In TV commercials for Sam Adams beer, Jim Koch is always smiling or laughing. While Koch (pronounced “Cook”) was walking me around the Sam Adams headquarters, on the site of a restored 19th-century brewery in the Boston neighborhood of Jamaica Plain, tourists kept stopping to wave at him, crowd around him for pictures, and shake his hand. “Enjoy your beer! Thanks for coming!” he called, more sunny-seeming than most politicians working a crowd. In ads, he is usually shown holding a beer or happily licking foam from his lips, and generally looks as if he has been sampling his products all day—which he told me recently he does. Early this year he told Esquire that by swallowing a teaspoon of yeast before each drink, he cut the impact of its alcohol by half. “It works!” he told me, with an excursion into the details of yeast’s metabolism, which he said allows it to break down some of the same alcohol that other yeast has produced. “But I do it only so often, because frankly I don’t mind the alcohol.”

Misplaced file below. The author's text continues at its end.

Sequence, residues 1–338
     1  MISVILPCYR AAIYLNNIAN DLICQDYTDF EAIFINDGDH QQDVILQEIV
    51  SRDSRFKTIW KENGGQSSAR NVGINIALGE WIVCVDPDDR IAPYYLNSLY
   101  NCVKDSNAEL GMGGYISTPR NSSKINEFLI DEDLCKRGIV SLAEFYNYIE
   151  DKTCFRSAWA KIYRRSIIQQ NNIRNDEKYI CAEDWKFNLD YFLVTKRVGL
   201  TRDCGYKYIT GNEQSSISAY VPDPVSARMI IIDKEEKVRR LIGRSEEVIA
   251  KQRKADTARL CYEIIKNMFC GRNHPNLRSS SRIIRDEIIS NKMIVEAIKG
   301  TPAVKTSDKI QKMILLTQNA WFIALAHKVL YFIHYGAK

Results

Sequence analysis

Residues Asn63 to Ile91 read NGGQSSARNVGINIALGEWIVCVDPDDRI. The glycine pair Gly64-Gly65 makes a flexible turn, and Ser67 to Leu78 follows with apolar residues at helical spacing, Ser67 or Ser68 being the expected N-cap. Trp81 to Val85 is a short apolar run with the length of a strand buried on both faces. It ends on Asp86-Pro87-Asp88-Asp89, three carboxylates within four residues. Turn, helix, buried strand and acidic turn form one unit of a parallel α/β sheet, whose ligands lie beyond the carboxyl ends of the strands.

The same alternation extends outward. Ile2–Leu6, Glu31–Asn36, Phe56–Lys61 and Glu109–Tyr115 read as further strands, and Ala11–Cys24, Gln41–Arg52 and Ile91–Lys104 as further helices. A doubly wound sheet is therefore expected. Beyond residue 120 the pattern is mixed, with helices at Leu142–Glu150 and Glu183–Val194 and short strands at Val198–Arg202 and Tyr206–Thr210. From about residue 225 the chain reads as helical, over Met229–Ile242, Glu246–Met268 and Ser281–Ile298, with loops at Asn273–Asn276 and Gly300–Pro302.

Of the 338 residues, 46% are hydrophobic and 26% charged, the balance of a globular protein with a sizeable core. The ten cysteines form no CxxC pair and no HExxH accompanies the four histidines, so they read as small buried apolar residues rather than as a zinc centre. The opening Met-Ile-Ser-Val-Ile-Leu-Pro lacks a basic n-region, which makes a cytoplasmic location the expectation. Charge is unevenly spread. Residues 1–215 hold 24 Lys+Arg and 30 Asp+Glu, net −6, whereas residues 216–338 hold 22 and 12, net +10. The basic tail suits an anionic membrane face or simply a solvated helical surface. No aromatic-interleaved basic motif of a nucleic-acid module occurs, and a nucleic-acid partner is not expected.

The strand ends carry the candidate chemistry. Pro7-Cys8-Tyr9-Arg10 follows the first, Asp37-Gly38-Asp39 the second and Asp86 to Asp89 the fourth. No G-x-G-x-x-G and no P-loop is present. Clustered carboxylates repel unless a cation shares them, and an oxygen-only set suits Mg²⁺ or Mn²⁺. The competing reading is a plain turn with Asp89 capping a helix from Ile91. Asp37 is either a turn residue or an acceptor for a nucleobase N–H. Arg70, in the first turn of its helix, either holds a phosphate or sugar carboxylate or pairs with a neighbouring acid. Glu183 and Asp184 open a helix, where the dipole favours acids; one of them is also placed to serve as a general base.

Beneath this boozily disarming presentation is one of the most cannily successful entrepreneurs of our time. When Koch graduated from Harvard College, in 1971, there were barely 150 breweries, large or small, in America. By 1984, when he started the Boston Beer Company with Rhonda Kallman, consolidation had eliminated all but 100. Now the number of small breweries is just over 3,000, with permits on file for 1,500 more. As my wife and I have visited cities for our American Futures reports on economic turnarounds, we’ve come to take the presence of craft brewers—and their more hip counterparts, craft distillers—as important markers of cities that are attracting the young and ambitious. A town with a craft brewery has a sense of the “local,” plus entrepreneurs who start the businesses, plus mainly young customers who spend time and money there.